Home' HR Monthly : April 2018 Contents “Our value
proposition has always
been around melding the east
and the west together.”
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CULTURE AND CHANGE MANAGEMENT
ichelle Greenhalgh has some simple
advice for finding one’s footing on the
edge of an open-pit copper mine 4000
metres above sea level in the Peruvian A ndes.
“You just have to learn how to breathe,” she
says. “A nd not talk too much when walking
For a self-described exercise junkie, this
sounds manageable. But to help, Greenhalgh
kicks off the acclimatisation process at 3000m
with a 24-hour stopover in Cuzco, an hour’s
flight from Lima. Then it’s an eight-hour bus
ride to the Las Bambas copper mine. “Or
if you’re lucky, it’s 30 minutes on the most
beautiful chopper ride in the world,” she says.
It’s a trek Greenhalgh regularly takes as
mining company MMG’s general manager,
people and benefits, overseeing a global HR
function of 94 and a direct line of 20. As well
as Peru, MMG has mining operations in Laos
and the Democratic Republic of Congo. M MG’s
headquarters are in Melbourne, but it is 70 per
cent Chinese owned.
“Our value proposition has always been
around melding the east and the west together
and getting the synergy from that.”
MMG bought Las Bambas from Glencore Plc
for around $US7 billion in 2014. Greenhalgh
used the acquisition’s HR and integration
strategy as the case study for her Senior L eaders
Pathway to AHRI certification.
The mine was half built at the time of
acquisition, so the strategy was to go in with a
light touch rather than sweeping changes. The
priority was to listen, understand the existing
set-up and avoid delays to construction.
Las Bambas was completed in
early 2016. It has about
and 6500 contractors, mostly from the mine’s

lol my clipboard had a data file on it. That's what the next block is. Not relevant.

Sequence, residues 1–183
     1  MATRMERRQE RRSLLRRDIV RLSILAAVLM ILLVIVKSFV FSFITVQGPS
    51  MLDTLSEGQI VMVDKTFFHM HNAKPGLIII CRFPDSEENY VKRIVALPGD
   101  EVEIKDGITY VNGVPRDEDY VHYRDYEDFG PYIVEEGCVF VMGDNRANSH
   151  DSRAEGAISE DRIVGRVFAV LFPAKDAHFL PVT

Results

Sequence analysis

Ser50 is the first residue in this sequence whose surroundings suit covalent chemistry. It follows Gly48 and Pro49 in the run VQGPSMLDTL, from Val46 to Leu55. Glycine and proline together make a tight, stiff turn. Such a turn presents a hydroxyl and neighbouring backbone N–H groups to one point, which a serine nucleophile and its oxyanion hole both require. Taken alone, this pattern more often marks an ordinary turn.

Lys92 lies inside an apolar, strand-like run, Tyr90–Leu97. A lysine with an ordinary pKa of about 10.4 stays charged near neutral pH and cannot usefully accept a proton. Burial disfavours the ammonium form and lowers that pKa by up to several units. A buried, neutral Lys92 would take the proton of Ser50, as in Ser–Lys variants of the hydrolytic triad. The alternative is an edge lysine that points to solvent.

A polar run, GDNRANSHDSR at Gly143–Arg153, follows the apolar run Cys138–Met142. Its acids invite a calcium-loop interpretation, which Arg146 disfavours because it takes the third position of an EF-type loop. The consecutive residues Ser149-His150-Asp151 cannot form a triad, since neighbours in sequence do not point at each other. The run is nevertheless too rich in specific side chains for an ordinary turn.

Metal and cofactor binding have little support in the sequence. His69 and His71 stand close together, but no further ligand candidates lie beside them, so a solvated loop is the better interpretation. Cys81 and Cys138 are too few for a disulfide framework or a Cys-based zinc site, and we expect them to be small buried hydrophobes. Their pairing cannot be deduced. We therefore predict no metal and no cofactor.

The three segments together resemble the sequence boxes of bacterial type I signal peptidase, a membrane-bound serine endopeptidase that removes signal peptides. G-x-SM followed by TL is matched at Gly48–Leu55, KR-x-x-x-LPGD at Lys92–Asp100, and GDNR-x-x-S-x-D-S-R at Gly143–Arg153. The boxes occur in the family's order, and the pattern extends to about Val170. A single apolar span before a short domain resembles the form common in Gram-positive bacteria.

Apurímac region and some from Lima. There’s a
further 100 people at MMG’s Lima office.
Managing Peru’s hierarchical culture is an
ongoing challenge. “It plays out in many ways
– bureaucracy, people not feeling empowered to
speak up, communication getting caught in too
many layers... down to silly things like people
delegating their printing,” says Greenhalgh.
Her team has been removing management
layers and encouraging employees to feel
comfortable speaking to leaders so they can do
their job well. Greenhalgh says senior managers
know they must tailor the way they listen to
employees to fit the culture of the country.
For example, Melbourne staff give candid
feedback to CEO Jerry Jiao during listening
sessions. Greenhalgh says this wouldn’t work in
Laos, where it’s preferable to discuss an issue as
a group, then nominate a spokesperson to give
On a recent visit to Las Bambas, a
conversation between Greenhalgh and the
operations manager showed how employees
were becoming more emboldened. “He proudly
told me one of his supervisors asked the
executive general manager if he could have a
‘career conversation’, which was unheard
Greenhalgh recalls the launch of MMG’s
video about company values at Las Bambas. The
values were displayed on a screen amid images
of big hearts, while A ndean music played and
employees cheered. “The miners were doing this
amazing funky dance on stage complete with a
light show,” she says.
Many might consider Greenhalgh’s
role daunting, but she says,
“where there’s a will,
Enabling cross-cultural understanding is a rewarding seam to mine for one HR professional.
there’s a way”. She had this in mind in 1988
when she landed in Australia from Manchester
as a backpacking graduate. “I had no intention of
going back,” she says.
Fast-forwarding 30 years, Greenhalgh reflected
on her career when considering certification.
She was initially sceptical about how it would
benefit her, given her proven experience and
various academic and professional qualifications
– including being a registered psychologist.
“My initial response was ‘Why on earth would
I undertake certification?’”
She was persuaded by the realisation that it
would benefit the profession and therefore give
her more credibility. “You look at HR, and
everyone thinks they can hang up their shingle
and be an expert in people,” she says.
Being a good role model for her company and
those coming through the ranks was a big factor.
“I’ve spent my career head down and bum up,
working hard,” she says. “You get to a point
where you think, ‘I’m still working hard, but I
can take a step back and help other people to
learn from what I’ve been through.’” •••
MICHELLE GREENHALGH FCPHR GENERAL MANAGER, PEOPLE AND BENEFITS, MMG
BY LAURA MCGEOCH
22/3/18 5:51 pm
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